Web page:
Your First Job Could Be Working On The Spacecraft That’ll Supply The International Space Station

Liam Berry
Your First Job Could Be Working On The Spacecraft That’ll Supply The International Space Station
Sponsored by, Sierra Nevada Corporation

How many people wrote in their fifth-grade yearbook that they wanted to be astronauts when they grew up?

Not many of us saw that dream come alive, with most of us in jobs pretty far from our childhood astronomical aspirations. Sometimes we found completely opposite roles (looking at you, deep sea divers!).

Luckily, that’s not always the case. Your first job could be in the space industry and Sierra Nevada Corporation (SNC) might be the perfect place to start.

Here’s a look at SNC’s next generation spacecraft that will deliver critical science and supplies to and from the International Space Station in late 2020—and how you could start your career in the final frontier with SNC.

The Dream Chaser® Spacecraft

SNC’s crown jewel is the Dream Chaser spacecraft.

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Credit: Sierra Nevada Corporation

With its matte black, smoothly angled body, the Dream Chaser resembles a spacefaring Orca whale. It expertly (and even autonomously) will navigate low-Earth orbit and re-enters Earth’s atmosphere with absurdly little force (protecting everything inside it).  This amazing spacecraft is reusable, capable of a minimum of 15 spaceflights and doesn’t need a crew onboard to operate it.  It is a space-plane delivery drone which delivers care packages to the Space Station, operates as a laboratory in space for weeks at a time, and returns the fruits of the labor to their owners immediately after runway landing.

These traits make it the ultimate cargo vehicle. Come late 2020, it will begin the first of at least six missions to restock, resupply and transport vital scientific assets to the International Space Station and back.

And you could be working on it.

How You Can Work On An Actual Spaceship

SNC recruits top engineering and science talent directly into its internship and entry-level programs. These programs contribute directly to programs like the Dream Chaser spacecraft.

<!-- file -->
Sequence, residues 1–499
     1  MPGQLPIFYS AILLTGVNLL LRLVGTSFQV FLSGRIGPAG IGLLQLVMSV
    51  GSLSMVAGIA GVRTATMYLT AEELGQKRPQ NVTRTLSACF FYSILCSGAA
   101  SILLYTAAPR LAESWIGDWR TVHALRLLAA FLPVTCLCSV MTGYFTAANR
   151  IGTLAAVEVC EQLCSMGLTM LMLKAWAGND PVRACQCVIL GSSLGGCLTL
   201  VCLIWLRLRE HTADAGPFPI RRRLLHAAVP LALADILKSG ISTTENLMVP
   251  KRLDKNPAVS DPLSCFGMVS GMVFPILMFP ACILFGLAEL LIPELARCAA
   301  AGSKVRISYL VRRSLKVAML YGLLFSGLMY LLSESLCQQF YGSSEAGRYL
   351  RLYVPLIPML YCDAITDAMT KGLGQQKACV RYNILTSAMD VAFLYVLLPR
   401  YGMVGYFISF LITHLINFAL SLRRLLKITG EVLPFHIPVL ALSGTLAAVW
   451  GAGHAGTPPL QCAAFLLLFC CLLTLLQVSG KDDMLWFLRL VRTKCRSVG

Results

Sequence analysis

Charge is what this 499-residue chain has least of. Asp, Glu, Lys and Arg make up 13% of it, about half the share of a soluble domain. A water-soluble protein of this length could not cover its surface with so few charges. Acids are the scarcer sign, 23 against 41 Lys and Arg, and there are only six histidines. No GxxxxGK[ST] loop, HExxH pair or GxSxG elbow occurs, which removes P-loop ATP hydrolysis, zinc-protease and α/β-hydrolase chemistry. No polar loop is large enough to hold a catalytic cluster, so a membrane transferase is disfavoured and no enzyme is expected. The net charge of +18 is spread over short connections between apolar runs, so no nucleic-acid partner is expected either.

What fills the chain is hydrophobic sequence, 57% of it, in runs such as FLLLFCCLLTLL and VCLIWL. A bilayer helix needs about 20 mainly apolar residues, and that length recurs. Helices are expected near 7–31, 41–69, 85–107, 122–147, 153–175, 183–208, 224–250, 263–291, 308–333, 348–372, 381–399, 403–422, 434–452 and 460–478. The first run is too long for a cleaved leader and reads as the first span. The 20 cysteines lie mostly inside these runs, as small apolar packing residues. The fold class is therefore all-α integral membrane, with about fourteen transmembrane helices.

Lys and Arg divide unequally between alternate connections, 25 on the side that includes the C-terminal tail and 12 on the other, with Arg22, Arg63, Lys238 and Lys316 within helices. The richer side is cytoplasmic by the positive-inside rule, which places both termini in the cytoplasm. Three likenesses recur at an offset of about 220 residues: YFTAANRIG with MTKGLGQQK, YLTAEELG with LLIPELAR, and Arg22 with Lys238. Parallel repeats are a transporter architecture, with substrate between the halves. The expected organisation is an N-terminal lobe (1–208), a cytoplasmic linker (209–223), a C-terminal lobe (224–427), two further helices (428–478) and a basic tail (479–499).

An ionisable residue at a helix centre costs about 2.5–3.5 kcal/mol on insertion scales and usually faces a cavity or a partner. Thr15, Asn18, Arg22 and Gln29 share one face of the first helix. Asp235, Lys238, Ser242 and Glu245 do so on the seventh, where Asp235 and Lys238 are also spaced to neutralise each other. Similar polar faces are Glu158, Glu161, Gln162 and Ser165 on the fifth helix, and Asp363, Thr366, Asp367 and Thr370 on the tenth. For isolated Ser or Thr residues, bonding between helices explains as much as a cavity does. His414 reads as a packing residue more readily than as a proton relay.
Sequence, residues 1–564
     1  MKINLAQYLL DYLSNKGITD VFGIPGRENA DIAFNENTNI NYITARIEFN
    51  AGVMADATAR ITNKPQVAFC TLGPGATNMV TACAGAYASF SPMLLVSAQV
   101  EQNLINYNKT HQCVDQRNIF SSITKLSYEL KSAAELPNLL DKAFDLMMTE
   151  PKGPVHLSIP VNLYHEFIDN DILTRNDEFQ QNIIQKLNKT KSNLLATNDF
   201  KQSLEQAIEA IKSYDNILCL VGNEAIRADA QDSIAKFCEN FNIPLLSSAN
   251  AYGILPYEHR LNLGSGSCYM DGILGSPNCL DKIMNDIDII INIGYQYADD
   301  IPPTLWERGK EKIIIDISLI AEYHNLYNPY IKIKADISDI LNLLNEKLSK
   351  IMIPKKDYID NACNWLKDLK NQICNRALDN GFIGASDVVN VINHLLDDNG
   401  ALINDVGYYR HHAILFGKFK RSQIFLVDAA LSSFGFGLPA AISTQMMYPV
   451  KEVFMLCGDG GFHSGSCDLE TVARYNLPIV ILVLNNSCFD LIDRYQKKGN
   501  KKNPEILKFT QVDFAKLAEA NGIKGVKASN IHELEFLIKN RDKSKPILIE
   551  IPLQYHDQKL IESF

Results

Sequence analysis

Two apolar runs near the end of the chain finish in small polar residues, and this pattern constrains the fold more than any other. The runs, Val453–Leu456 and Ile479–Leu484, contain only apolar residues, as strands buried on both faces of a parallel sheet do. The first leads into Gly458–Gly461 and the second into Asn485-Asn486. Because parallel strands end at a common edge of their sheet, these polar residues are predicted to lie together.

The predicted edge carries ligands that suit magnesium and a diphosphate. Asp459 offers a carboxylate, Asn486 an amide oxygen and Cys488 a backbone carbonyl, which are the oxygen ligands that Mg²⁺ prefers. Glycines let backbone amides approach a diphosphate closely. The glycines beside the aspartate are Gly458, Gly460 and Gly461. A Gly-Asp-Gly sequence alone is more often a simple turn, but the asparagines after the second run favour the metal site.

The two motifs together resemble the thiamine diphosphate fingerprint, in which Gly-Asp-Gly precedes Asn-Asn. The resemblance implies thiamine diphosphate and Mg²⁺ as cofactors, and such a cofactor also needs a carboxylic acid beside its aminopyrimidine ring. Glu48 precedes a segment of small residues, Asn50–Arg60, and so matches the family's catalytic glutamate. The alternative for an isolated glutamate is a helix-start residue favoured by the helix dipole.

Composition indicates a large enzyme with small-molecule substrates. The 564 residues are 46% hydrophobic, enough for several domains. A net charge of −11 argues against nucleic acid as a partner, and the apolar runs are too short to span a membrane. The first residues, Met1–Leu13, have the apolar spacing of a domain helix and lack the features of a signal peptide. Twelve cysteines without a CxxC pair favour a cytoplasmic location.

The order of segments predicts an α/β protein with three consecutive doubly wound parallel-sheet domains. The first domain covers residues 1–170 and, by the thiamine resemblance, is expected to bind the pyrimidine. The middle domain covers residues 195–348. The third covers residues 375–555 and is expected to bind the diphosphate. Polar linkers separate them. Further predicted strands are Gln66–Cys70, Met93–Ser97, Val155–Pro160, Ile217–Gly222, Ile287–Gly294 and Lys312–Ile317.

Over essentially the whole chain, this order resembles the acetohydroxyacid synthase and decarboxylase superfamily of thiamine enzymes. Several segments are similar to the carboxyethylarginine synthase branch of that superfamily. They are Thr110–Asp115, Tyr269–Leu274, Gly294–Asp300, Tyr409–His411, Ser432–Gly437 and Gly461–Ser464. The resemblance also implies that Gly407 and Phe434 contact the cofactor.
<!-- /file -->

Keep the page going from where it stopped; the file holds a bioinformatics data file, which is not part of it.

One such early-career engineer is Alexis. She’s a Systems Engineer at SNC who graduated in 2016 from a mechanical engineering program. And she’s already working on the Dream Chaser project.

What’s it like to be working on a real live spaceship so shortly after working in science labs at school?

“Challenging and exciting,” Alexis says.

One of the ship’s groundbreaking capabilities is the ability to land on any normal airline runway. This makes the Dream Chaser ideal for commercial space travel—which she says is something the forward-thinking team at SNC is keeping in mind.

“The Dream Chaser is being designed with new, better capabilities based on lessons learned from past aerospace industry failures and within a commercial industry. This drives creative solutions and new challenges which are changing the industry,” she says.

This puts young engineers like Alexis (and potentially you!) in the driver seat of two extremely important industries: 1) the established business of government aerospace contracts and 2) the burgeoning private spaceflight industry.

Where can Alexis take her career from here?

“The stars” is an appropriate answer.

SNC engineers and scientists don’t just work on the Dream Chaser. They’re also working on electronic weapons systems, space farms, cyber security, and linguistics programs. If you can imagine something futuristic, SNC is probably tinkering with it.

Think you have what it takes to contribute to a company building the future? Check out fun facts, videos and amazing job opportunities from Sierra Nevada Corporation on WayUp right now